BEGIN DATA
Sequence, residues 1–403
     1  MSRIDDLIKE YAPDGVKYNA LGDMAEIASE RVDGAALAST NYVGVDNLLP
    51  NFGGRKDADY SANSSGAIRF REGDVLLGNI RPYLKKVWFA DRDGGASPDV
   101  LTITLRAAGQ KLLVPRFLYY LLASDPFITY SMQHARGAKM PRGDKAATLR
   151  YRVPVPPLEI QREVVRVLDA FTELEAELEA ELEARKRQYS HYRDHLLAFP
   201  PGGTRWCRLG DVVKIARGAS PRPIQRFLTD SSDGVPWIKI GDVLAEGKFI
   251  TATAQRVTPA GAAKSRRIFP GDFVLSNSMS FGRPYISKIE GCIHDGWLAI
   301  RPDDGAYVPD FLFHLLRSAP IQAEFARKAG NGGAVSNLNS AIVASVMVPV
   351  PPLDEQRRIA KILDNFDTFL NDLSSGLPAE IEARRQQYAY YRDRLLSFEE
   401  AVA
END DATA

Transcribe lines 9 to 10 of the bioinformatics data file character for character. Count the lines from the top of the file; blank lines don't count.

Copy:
   351  PPLDEQRRIA KILDNFDTFL NDLSSGLPAE IEARRQQYAY YRDRLLSFEE
   401  AVA